Australian economic data remained strong last week with employment up another 50,000 and new home sales nearly doubling in December, pointing to a strong rebound in housing construction and consumer sentiment and business conditions, despite the mini coronavirus scare over Christmas/New Year. The continuing rebound in employment is particularly impressive. Nearly 90% of jobs and hours worked that were lost into May have now been recovered, making for a very Deep V rebound. This compares to only 56% of US payroll jobs that have been recovered.
While retail sales fell 4.2% in December, this partly reflected payback after strong Black Friday sales and covid restrictions in NSW and Victoria in late December. Despite the pull-back, retail sales remain way above trend with real retail sales up around 1.9% in the December quarter and on track to contribute to December quarter GDP growth. Expect some slowing in retail sales this year though as pent up demand is exhausted and spending on services gradually recovers.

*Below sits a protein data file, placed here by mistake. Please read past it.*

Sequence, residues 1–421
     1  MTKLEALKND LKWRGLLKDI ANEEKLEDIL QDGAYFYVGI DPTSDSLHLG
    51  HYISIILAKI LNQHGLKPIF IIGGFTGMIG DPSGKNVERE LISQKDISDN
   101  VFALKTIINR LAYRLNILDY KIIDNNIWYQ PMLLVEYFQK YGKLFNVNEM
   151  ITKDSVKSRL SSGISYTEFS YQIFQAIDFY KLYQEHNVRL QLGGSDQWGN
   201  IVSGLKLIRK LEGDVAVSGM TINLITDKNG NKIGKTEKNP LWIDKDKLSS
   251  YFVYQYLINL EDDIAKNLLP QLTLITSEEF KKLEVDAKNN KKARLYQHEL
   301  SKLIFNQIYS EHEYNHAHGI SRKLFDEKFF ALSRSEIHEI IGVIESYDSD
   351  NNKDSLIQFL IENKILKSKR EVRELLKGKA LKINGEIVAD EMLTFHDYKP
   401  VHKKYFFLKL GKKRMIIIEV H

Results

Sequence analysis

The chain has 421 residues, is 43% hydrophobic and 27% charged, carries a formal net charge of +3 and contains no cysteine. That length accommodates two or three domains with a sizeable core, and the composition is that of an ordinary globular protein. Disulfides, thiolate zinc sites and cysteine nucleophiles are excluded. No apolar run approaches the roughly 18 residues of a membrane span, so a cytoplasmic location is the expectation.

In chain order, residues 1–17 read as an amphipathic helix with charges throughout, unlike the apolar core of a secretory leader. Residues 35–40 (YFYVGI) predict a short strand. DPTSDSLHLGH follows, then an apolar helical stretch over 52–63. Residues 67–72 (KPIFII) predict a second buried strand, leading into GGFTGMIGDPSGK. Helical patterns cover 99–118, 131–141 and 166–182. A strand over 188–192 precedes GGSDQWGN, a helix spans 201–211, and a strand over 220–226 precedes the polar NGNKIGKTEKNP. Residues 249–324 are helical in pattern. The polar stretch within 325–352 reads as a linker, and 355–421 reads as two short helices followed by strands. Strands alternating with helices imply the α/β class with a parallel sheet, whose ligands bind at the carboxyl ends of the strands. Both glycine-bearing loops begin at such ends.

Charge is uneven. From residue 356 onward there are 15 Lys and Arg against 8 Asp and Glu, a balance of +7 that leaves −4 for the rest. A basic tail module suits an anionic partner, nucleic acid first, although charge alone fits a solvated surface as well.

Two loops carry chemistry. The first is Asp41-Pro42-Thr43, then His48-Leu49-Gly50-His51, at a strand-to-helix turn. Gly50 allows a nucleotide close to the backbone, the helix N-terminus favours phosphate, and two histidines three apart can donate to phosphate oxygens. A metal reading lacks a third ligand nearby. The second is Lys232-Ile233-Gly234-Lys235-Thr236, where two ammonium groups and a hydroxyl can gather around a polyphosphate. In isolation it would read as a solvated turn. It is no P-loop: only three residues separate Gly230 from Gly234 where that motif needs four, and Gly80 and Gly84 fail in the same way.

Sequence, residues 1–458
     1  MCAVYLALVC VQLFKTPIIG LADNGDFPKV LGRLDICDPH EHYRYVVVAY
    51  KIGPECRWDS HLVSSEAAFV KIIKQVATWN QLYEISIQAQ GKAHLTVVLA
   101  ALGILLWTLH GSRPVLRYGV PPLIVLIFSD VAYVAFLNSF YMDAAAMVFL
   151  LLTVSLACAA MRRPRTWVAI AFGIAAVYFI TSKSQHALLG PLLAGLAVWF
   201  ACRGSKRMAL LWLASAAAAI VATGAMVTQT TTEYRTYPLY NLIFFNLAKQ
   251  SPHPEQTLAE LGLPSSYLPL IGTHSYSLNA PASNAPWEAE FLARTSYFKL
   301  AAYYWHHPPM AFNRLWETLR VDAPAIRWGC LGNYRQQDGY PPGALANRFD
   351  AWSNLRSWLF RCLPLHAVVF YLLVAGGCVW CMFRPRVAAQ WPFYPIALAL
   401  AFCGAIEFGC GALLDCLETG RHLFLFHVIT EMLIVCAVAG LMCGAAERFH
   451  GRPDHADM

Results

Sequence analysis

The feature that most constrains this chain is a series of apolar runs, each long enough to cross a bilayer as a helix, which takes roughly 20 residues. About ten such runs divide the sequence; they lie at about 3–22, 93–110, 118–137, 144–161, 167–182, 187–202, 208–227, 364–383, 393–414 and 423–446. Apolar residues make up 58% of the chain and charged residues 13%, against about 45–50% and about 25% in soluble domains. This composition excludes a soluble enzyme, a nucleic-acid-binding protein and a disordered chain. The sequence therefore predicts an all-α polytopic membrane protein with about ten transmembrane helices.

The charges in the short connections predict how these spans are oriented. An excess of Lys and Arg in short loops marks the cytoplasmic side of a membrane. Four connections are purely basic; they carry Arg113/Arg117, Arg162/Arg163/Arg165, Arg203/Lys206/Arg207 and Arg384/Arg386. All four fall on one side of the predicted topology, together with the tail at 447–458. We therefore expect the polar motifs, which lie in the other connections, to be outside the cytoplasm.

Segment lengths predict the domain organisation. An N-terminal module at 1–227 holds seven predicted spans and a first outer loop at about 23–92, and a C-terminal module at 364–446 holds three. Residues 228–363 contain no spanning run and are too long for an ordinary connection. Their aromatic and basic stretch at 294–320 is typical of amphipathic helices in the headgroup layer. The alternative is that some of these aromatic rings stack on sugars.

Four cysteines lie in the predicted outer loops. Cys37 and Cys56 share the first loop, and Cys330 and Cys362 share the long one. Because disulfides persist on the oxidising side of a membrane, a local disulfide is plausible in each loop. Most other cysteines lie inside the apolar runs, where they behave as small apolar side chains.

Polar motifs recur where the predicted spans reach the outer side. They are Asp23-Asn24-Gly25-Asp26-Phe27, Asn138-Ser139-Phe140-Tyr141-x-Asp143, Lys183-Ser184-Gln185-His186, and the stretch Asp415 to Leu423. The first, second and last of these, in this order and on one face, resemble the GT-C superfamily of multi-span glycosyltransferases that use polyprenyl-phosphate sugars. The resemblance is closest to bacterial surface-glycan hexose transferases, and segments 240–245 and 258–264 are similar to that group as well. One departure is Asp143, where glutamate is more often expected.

Will the continuing run of mostly strong Australian data shift the RBA from dovish to hawkish? Eventually – but it’s still a bit too early for that. While the jobs market has improved faster than expected, we are still a long way from full employment, jobs growth is likely to slow a bit in the months ahead with some jobs (eg, travel related) taking longer to return and some (eg, in parts of retail) likely to never return again, the end of JobKeeper in late March will create a bit of apprehension (not that I expect much impact), coronavirus still has the potential to create upsets in the short term with uncertainty remaining how effective vaccines will be, the strong $A is maintaining pressure on the RBA to extend QE and a shift to hawkishness now would be inconsistent with the RBA’s commitment to focus on the achievement of actual inflation sustainably at target. So we expect RBA Governor Lowe’s speech on The Year Ahead on 3rdFebruary to welcome the good data seen lately but stay the course with a dovish bias. Given the passing of time the RBA may, however, drop the expectation to not raise the cash rate for at least three years and perhaps replace it with a reference to say a “before 2023.”
Click here to subscribe to the Switzer TV channel on YouTube and keep up to date with all of our shows.